Thursday, July 9, 2015

Thinking Back for Two Months

The pace has been so fast, that I have fallen behind on sharing images. So, I've looked back over May and June to find those images that recall special days.  My first close encounter with a Marsh Wren in the Montezuma wetlands in May came as a surprise. He landed in an odd perch and stared at me with defiance.

Closer to home at the Newtown Battlefield Reservation this Hooded Warbler, like the Wren above, chose a nice spot to sing for me. I can regularly find one of them along a particular trail.

For a third year, a pair of Sandhill Cranes was spotted in a marsh near Watkins Glen. Would they be nesting this year?  The quest to answer that landed me on sight for some colorful mornings.

I found the cranes on several different days in June in the tall grass, so any chicks would be hidden. Then, on one day as I approached my parking spot to explore for the cranes, they were standing out in a corn field in plain view.  Dropping into a drainage ditch for concealment, I got very close; it was obvious that they did not have chicks this year.  Mixed with  disappointment was the interesting display that one crane made.

In addition to the larger animals, there is a much smaller world that can be interesting.  This black ant was feeding on the nectar in the blooms of my rhubarb plants.

A good part of June was directed at the Bluebird Trail Farms, which was the subject of an earlier message.  Surely a favorite of the grassland natives was the Eastern Meadowlark.  It is a very strong singer for its size.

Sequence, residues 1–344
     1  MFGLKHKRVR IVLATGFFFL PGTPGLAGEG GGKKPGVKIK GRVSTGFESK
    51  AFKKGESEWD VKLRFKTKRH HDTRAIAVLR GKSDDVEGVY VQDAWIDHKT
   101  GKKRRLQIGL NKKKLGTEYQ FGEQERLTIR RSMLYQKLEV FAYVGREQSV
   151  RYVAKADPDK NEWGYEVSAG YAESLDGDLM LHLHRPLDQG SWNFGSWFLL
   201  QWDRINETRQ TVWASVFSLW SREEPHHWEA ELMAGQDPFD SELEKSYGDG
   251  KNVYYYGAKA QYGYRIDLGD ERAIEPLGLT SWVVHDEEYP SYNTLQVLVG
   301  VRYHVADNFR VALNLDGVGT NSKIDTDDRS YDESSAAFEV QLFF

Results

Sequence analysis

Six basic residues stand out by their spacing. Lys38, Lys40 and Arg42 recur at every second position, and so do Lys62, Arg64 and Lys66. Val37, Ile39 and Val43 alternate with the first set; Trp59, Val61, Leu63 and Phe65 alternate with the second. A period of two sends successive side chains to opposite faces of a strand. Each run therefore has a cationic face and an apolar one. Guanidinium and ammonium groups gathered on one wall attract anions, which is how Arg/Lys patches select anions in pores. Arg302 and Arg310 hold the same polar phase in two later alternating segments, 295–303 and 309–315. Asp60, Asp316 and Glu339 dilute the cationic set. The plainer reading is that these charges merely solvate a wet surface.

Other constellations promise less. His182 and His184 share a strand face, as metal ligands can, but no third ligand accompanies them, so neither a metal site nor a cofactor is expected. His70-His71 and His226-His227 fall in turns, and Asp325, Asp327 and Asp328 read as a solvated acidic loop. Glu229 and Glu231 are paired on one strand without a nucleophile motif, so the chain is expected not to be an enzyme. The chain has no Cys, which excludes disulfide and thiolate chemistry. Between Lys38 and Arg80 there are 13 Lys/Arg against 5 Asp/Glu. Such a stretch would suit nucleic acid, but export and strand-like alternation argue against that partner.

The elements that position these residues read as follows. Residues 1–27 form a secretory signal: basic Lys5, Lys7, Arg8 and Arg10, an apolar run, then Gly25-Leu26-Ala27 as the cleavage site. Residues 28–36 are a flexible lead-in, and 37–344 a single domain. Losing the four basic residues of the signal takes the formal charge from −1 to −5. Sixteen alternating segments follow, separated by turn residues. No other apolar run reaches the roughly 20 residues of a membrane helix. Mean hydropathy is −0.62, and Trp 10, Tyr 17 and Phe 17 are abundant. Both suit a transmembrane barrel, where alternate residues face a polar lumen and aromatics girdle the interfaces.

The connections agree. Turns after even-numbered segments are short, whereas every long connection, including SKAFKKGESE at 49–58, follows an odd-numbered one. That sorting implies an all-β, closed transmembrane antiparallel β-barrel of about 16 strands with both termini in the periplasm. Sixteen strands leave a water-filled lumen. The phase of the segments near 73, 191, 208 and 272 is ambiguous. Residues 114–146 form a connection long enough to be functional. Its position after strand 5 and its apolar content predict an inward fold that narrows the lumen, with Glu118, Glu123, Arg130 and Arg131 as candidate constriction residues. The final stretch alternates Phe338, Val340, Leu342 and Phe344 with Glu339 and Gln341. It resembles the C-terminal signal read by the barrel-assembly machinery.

I have created a new gallery on my website devoted to grassland flyers - birds and a few butterflies. See it at:

In late June and early July, some of my attention moves to orchids and other beautiful flowering native plants. Arguably, the most exciting are the Showy Lady's Slippers. This cluster of blooms was photographed with my smartphone.

Most exciting was this pair that provided the two orthogonal views in one instant.

Back at the Newtown Battlefield Reservation, a White-breasted Nuthatch found a spider nest under some peeling bark of a White Birch, and I captured the moment when it pulled out the spider.

The American Goldfinch is a seed eater, so it nests later when the grasses are going to seed. This male is in fine colors as July begins.

In the meadows and grasslands, the birds' young are fledging, and one is more successful finding colored butterflies like this Fritillary.

Saving one of the best subjects for last, we come to the Canada Lily.  It's hard to find, because the over-abundant Whitetail Deer find it tasty.  I was introduced to a pocket of them isolated between a big river and a railroad yard in an urban location. No deer get there. Arriving in early morning, I spotted the first plants next to the river.

Some of the plants had profuse blooms. It was very striking. This is just two plants.

One distinctive feature of the Canada Lily is the "freckles" on the petals.

So, there is a view into why my last two months have passed so quickly.


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